3-year-old boy with fever and cough

By Michael Lell, MD, University Erlangen, Erlangen, Germany, and Marilyn J. Siegel, MD, Mallinckrodt Institute of Radiology, Washington University School of Medicine, St. Louis, MO

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Case summary

A 3-year-old boy presented with a fever and cough that had been ongoing for 2 weeks. Physical examination revealed no abnormalities, and laboratory data were essentially normal. The patient had no postnatal respiratory symptoms.


An initial chest radiography showed a cystic mass in the left upper lobe. A computed tomography (CT) scan was then performed with a Somatom Definition Flash scanner (Siemens, Erlangen, Germany). The CT scan revealed a large multicystic mass in the left upper lobe containing air-filled cysts measuring 2 cm or less in diameter and compression of adjacent lung parenchyma (Figures 1 and 2). Left upper lobectomy was performed.


Congenital pulmonary airway malformation (CPAM, Stocker type 2), previously known as congenital cystic adenomatoid malformation (CCAM)


CPAM is a hamartomatous lesion of the lung thought to result from abnormal distal airway branching.1 In Stocker et al, original classification,2 CPAM was known as CCAM and based on size of the cysts. It was divided into 3 major types: Type I (macrocystic, > 2 cm), Type II (multiple smaller cysts, < 2 cm), and Type III (solid with microscopic cysts). In the current expanded Stocker classification, these cystic lung lesions are now termed CPAMs.3 This classification includes the original Types 1, 2, and 3 and 2 additional Types (0 and 4). The lesions were renamed types 0-4 CPAM because cystic or adenomatoid features are not present in all lesions. CPAM usually communicates with the tracheobronchial tree, and has feeding arteries and draining veins from the pulmonary circulation. CPAM can arise in all lobes; except for with Types 0 and 3, it usually involves only one lobe. Types 0 and 3 can involve the whole lung.

Type 0 (< 3% of cases) arises from the trachea, has no cysts or cysts < 0.5 cm in size, involves all lobes, and is not compatible with life.3 Type 1 CPAM (60% to 70% of cases) arises from distal bronchial/proximal bronchiolar regions and is characterized by single or multiple cysts > 2 cm in size; Type 2 (15% to 20% of cases) arises from terminal bronchioles and has cysts < 2 cm in size; Type 3 (5% to 10% of cases) has an acinar origin and is predominantly solid with cysts < 0.5 cm; and Type 4 CPAM (10% to 15% of cases) has alveolar/distal acinar origins and contains large cysts > 2 cm in size, similar to Type 1 CPAM. Type 4 lesions can present with sudden respiratory distress due to tension pneumothorax and are strongly associated with malignancy, especially pleuropulmonary blastoma (1, 3, 4). Types 2 and 3 CPAM are commonly associated with other congenital anomalies, such as tracheoesophageal fistula, renal agenesis, intestinal atresia, and diaphragmatic hernia.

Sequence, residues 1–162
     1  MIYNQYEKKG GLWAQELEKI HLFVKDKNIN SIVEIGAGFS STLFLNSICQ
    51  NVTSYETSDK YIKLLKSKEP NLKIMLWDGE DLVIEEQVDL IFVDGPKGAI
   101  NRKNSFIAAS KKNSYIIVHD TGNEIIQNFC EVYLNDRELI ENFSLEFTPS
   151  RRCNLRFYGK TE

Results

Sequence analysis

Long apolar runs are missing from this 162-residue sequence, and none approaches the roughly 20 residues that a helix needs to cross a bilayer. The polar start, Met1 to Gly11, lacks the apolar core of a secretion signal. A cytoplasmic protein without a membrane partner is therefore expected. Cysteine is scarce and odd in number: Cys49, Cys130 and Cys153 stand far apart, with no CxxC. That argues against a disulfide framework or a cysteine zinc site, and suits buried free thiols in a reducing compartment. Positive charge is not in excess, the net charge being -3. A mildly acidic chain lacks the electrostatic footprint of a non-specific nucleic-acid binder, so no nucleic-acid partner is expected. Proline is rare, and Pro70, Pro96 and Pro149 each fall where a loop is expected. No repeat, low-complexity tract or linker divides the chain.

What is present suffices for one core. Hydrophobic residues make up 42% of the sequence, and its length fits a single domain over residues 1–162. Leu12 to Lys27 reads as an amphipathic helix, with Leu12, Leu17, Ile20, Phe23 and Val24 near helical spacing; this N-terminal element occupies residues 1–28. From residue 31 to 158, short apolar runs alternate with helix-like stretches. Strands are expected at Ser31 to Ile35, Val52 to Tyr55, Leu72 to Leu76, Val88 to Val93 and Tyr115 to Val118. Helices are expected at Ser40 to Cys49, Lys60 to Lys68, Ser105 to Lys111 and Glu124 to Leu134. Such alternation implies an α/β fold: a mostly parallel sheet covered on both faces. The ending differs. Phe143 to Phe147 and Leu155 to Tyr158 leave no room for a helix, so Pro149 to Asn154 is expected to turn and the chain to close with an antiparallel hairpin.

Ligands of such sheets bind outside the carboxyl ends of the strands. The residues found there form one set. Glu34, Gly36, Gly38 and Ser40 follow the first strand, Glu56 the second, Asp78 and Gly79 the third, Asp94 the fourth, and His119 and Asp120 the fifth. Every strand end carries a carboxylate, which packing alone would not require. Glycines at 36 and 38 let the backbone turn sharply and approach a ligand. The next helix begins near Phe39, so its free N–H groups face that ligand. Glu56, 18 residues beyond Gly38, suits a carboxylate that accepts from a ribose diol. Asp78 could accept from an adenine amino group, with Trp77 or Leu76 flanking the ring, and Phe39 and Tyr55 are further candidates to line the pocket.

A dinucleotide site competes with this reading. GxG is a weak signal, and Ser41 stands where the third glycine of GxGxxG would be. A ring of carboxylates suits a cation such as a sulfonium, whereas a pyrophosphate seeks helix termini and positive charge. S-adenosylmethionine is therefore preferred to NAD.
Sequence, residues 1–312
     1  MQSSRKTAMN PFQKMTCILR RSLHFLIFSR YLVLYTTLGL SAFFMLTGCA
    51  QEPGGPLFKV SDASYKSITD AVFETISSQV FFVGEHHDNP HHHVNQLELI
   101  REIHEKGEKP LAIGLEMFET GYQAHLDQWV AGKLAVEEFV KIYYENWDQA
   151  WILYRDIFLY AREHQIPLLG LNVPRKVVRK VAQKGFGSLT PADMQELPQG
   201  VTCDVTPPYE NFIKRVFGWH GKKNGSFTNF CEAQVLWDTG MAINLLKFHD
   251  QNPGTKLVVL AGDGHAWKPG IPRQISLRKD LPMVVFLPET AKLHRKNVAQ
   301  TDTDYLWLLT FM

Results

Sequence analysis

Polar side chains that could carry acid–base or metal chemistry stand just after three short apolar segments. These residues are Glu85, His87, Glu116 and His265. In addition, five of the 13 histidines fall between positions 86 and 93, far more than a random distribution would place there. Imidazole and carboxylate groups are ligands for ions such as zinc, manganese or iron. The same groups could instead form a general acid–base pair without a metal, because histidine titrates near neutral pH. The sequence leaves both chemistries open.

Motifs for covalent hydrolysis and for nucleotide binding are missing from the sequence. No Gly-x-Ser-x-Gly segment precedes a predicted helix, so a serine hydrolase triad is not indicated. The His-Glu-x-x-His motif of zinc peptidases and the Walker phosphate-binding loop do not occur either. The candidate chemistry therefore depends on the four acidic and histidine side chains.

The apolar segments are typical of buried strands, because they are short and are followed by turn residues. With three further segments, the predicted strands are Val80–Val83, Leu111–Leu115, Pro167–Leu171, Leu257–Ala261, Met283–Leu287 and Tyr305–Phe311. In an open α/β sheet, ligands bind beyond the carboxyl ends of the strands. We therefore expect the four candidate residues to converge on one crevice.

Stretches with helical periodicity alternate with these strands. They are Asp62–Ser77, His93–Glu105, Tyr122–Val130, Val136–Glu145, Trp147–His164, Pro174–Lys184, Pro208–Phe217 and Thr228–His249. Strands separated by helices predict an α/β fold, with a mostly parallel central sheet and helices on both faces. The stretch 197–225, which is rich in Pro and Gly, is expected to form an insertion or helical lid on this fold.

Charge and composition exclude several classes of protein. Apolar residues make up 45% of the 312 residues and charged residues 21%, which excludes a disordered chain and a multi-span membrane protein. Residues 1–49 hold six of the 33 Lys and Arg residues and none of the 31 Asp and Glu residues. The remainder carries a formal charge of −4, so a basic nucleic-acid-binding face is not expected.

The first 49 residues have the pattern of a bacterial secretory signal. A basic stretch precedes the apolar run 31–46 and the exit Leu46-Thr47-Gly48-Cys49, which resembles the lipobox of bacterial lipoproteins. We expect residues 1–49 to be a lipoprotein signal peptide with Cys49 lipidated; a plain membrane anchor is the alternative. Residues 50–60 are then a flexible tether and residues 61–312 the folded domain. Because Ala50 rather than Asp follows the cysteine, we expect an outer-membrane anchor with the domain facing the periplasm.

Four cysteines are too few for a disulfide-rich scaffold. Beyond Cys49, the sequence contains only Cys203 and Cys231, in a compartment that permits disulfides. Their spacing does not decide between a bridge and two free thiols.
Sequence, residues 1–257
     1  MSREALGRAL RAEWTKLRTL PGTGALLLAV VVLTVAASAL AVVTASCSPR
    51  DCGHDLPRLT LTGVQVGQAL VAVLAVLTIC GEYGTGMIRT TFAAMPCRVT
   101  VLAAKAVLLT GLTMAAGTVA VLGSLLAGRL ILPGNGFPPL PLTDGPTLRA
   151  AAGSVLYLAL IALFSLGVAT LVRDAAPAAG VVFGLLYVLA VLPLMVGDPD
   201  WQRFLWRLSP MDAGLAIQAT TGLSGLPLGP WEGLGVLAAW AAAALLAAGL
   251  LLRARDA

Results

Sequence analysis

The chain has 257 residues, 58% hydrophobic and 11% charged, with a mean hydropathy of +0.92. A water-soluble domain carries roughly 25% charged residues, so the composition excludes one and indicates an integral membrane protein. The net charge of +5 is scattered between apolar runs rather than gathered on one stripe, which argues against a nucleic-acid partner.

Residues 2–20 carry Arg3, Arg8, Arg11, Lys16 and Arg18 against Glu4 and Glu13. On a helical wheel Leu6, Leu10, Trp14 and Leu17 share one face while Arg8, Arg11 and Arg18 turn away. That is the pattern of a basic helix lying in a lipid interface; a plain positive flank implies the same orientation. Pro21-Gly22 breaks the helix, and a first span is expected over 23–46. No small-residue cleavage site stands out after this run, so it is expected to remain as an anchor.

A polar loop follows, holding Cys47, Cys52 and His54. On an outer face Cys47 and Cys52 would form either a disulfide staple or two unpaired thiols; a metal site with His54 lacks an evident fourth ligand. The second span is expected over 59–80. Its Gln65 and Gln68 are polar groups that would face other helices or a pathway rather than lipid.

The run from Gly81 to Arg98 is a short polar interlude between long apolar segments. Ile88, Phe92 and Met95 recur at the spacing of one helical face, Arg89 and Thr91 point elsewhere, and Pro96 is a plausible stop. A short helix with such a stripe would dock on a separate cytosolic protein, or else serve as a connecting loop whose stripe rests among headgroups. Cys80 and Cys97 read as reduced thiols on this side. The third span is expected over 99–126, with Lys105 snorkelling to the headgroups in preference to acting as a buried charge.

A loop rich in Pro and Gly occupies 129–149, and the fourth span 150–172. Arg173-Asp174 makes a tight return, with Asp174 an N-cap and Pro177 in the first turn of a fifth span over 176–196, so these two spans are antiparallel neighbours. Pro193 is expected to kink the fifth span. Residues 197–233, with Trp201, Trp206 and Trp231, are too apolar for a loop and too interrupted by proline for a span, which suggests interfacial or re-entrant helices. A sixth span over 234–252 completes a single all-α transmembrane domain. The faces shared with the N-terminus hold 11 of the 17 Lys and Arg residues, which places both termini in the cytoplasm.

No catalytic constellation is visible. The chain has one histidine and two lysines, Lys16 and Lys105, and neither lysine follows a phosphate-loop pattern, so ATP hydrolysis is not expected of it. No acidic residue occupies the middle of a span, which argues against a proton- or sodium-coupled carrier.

CPAM may be diagnosed on prenatal ultrasound. In the neonatal period, large lesions may cause respiratory distress. Smaller lesions may present months or years later as incidental findings on imaging studies or as recurrent pulmonary infection.

Chest radiography is the initial imaging examination in the diagnosis of CPAM. CT is used for confirmation of the diagnosis, characterization of the lesion, and determination of extent for surgical planning. On CT, Type 1 CPAM appears as a multicystic lesion with one or a few large cysts > 2 cm; the cysts may be air-filled or have air-fluid levels. Type 2 CPAM contains numerous small cysts < 2 cm in size. Type 3 CPAM appears as a large, solid, homogeneous mass. Type 4 CPAM has an appearance similar to Type 1, but there may an associated pneumothorax. In all types, associated findings include mediastinal shift to the contralateral side and hypoplasia of the ipsilateral lung.5,6

The differential diagnosis of CPAM includes congenital diaphragmatic hernia, bronchogenic cyst, lobar emphysema, bronchogenic cyst, and localized pulmonary interstitial emphysema that may arise in patients receiving mechanical ventilation, and pneumatocele resulting from bacterial pneumonia, especially due to staphylococcal infection. Of note, CPAM and sequestration can coexist; presence of systemic arterial supply should suggest diagnosis of a combined lesion.

Bronchioloalveolar carcinoma and rhabdomyosarcoma, in addition to pleuropulmonary blastoma, have been reported in association with CPAM/CCAM.7 Because there is an association with malignancy and risk of recurrent infections, the recommendation is usually resection, even in asymptomatic patients.


  1. Langston C. New concepts in the pathology of congenital lung malformations. Semin Pediatr Surg. 2003;12:17-37.
  2. Stocker JT, Madewell JE, Drake RM. Congenital cystic adenomatoid malformation of the lung: Classification and morphologic spectrum. Hum Pathol. 1977;8:155-171.
  3. Stocker JT. Congenital pulmonary airway malformation: A new name and an expanded classification of congenital cystic adenomatoid malformation of the lung. Histopathology. 2002;41(suppl 2):424-431.
  4. Stocker JT. Cystic lung disease in infants and children. Fetal Pediatr Pathol. 2009;28:155-184.
  5. Griffin N, Devaraj A, Goldstraw P, et al. CT and histopathological correlation of congenital cystic pulmonary lesions: A common pathogenesis? Clin Radiol. 2008;63: 995-1005.
  6. Shimohira M, Hara M, Kitase M, et al. Congenital pulmonary airway malformation: CT-pathologic correlation. J Thorac Imaging. 2007;22:149-153.
  7. Lakhoo K. Management of congenital cystic adenomatous malformations of the lung. Arch Dis Child Fetal Neonatal Ed. 2009; 94:F73–F76.
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3-year-old boy with fever and cough.  Appl Radiol. 

September 23, 2011

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